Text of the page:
Grealish ‘should correct record’ for overstating money sent home by Nigerians in Ireland

Galway West TD said €3.54bn sent from State to Nigeria over eight year period

November 12th, 2019: Noel Grealish TD has been called "racist" and "a disgrace" by fellow TDs after he asked Taoiseach Leo Varadkar if the government was ensuring that all money transferred out of Ireland to non-EU countries was being properly taxed. Video: Oireachtas TV

 

Minister for Justice Charlie Flanagan has called on Galway West TD Noel Grealish to “correct the record” for overstating figures on personal remittances sent home by Nigerians living in Ireland.

“It is unacceptable for any elected leader to present on the floor of Dáil Éireann a misstatement of facts,” the minister told The Irish Times ahead of delivering a speech at a defamation conference hosted by his department.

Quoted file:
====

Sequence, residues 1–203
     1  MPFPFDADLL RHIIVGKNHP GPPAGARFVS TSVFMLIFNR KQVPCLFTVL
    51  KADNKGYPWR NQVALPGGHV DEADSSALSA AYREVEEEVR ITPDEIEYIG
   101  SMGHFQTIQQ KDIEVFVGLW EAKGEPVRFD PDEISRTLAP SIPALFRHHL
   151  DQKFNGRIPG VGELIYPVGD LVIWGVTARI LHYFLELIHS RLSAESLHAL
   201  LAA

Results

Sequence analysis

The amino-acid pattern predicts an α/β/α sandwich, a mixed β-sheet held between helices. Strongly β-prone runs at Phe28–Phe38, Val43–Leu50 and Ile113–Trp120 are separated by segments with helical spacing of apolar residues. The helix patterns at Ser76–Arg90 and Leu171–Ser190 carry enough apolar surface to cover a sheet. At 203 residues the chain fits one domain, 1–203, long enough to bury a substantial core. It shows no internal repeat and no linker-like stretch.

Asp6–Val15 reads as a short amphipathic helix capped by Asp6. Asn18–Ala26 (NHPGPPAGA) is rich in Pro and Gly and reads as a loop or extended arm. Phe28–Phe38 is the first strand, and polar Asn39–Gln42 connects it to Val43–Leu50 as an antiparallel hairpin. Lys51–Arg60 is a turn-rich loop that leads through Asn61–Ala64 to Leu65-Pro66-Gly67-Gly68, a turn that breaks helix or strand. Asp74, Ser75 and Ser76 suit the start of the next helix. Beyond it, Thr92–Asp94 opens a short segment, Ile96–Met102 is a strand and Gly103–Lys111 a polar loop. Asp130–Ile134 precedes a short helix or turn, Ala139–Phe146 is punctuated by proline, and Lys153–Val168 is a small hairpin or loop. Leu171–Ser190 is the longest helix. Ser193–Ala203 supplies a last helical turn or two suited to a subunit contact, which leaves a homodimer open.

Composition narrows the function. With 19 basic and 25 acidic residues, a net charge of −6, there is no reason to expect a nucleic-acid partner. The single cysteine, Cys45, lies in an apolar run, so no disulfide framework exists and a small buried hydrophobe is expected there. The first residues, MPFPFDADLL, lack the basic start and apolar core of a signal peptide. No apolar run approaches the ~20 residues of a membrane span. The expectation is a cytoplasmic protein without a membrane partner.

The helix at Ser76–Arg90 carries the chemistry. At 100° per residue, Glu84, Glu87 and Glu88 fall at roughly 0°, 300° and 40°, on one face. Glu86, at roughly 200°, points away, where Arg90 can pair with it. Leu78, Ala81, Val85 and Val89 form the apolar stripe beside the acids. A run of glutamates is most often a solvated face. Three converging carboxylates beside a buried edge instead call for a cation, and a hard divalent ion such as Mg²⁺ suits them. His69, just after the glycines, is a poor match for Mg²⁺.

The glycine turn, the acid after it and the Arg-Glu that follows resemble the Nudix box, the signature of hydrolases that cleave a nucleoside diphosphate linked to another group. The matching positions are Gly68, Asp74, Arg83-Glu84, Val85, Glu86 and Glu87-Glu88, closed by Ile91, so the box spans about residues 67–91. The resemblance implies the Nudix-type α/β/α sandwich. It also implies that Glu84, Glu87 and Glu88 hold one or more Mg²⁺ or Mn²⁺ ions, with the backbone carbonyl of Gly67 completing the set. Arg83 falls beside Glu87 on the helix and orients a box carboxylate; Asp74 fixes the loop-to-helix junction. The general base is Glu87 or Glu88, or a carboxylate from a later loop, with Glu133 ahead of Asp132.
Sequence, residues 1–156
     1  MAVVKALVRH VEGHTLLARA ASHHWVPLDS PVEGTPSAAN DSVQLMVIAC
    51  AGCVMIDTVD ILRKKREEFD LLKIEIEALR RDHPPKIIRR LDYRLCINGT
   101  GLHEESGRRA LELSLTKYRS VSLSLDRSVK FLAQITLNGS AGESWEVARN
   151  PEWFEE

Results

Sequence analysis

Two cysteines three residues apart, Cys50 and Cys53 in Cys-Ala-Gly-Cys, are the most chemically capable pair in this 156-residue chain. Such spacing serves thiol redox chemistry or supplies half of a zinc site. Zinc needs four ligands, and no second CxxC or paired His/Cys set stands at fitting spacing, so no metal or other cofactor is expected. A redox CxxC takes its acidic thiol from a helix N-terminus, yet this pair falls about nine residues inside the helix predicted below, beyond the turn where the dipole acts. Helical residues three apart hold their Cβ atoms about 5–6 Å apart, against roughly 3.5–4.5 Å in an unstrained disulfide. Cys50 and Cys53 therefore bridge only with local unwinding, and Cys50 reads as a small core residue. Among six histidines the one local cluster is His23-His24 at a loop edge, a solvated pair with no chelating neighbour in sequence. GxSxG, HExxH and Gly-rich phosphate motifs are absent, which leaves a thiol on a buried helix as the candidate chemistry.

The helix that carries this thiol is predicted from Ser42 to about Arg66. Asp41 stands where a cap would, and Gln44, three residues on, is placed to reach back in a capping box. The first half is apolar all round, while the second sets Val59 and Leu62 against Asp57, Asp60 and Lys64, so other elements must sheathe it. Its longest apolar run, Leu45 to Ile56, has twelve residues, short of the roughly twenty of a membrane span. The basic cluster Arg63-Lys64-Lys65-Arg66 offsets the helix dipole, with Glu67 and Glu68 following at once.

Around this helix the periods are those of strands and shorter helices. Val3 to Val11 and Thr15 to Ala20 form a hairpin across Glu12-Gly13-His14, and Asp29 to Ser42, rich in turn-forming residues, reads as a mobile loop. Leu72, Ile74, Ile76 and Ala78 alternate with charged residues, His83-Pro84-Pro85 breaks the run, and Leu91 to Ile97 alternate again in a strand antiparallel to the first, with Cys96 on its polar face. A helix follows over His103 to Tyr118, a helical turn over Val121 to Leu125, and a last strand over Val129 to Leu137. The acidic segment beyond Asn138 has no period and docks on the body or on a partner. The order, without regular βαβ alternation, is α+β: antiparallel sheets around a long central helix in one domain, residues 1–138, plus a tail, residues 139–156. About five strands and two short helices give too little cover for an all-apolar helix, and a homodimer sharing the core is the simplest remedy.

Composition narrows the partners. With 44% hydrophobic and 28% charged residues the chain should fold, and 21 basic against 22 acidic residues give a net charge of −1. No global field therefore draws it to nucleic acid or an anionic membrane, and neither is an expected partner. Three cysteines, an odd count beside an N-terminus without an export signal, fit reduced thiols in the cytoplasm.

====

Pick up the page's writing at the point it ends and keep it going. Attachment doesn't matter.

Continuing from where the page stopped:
“I think it is important now that he correct the record and his statements underline the need for all of us in politics to show leadership, to exercise great care in the use of language.

Mr Flanagan said that he was “very concerned at the deterioration in the use of facts for comment.”

Taoiseach Leo Varadkar has said that the Central Statistics Office had calculated that €17 million a year was being sent home by the 17,000 Nigerian-born people in Ireland - a fraction of the “staggering” €3.54 billion that the Independent TD claimed Nigerians had sent home over the past eight years based on World Bank figures.

Mr Grealish has been accused of fomenting anti-immigrant sentiment by singling out Nigerian-born residents for special attention with misstated figures that exceed State calculations on the amount of money being sent back.

Speaking at a symposium on the reform of defamation law, Mr Flanagan said that “promoting the importance of truth and accuracy in public comment” was one area that needed to be considered in a review of the 2009 Defamation Act.

The Minister said that the Government needed to “calibrate a complex balance between different rights”, including the right to a person’s good name and the right to freedom of expression.

“We might perhaps add a further value: that of promoting the importance of truth and accuracy in public comment and debate insofar as that is reasonably possible,” said Mr Flanagan.